Anime ZAP!

Anime ZAP! Is an anime convention held every year in the Peoria area. It is put on by the same people who put on Anime Midwest and Metacon. This year it was held on the weekend of January 6-8, 2017 at the Embassy Suites in East Peoria, Illinois.

After having very disappointing experiences at three holiday bazaars and canceling a fourth due to bad weather and lack of seed money, we were very eager for a good event as we got ready to head out for Peoria. However, we had a rather alarming incident that almost derailed the trip before we even got out of the driveway. I thought the doors had frozen shut overnight, and was struggling to get them thawed. As it turned out, I must've clicked the remote when I was still too far away, because the only problem was that they hadn't unlocked.

Once I got the doors opened and our personal belongings in, we were ready to hit the road west. This was our first trip of any distance in the van after we'd had major work done on the engine over Thanksgiving weekend. The engine sounded different, but I couldn't hear any obvious problems and the gauges all seemed to be nominal. However, I remained concerned about how it would handle the extreme cold.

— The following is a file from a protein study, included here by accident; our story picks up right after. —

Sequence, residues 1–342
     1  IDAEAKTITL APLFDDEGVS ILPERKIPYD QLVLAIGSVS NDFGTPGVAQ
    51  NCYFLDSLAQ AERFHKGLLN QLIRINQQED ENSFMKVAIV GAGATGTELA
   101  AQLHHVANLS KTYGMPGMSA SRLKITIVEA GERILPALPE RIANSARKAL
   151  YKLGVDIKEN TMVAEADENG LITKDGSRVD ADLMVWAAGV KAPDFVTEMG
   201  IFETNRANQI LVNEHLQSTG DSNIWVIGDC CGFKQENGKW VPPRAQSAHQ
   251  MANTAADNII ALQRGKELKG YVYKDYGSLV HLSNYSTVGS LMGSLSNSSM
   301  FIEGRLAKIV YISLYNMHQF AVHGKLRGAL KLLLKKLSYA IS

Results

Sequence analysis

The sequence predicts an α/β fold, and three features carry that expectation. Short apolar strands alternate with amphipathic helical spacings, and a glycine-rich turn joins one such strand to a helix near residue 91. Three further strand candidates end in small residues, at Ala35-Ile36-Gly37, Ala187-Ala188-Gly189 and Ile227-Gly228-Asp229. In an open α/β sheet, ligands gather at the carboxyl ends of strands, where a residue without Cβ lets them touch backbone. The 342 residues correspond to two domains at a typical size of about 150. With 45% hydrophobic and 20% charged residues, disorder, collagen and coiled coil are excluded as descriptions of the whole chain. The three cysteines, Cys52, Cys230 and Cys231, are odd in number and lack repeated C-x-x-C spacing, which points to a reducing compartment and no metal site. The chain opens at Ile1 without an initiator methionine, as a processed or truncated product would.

Since my parents' place is just a little off the way to Peoria, we'd planned to stay the night going and coming and visit with them. We got to their place in good time, and I was able to get the laundry done, even after having to bring in everything temperature sensitive. I also got a little writing done, as well as some business-related work.

On Thursday we had breakfast with my folks, then packed everything back into he van and headed over to Peoria. I noticed that the van creaked on turns, as if complaining about the cold. I wondered if some of the water from my mistaken efforts to thaw the doors had frozen inside the body and was now making noise.

We stopped in Bloomington to get some gas, then got on I-74 and followed a route I'd driven many times when I was living in Normal and working in Peoria. It was interesting to see how things had changed. It looked like the apartment complex in Morton where I'd lived in the summer of 1996 has been torn down, although I couldn't take a good look while I was driving.

We got checked into the hotel without trouble, but someone snagged both bell carts while we were doing so. I ended up having to bring in most of our belongings piecemeal, which was really annoying. Worse, someone brought one of the bell carts back just as I was bringing the last few things in, almost as if to taunt us.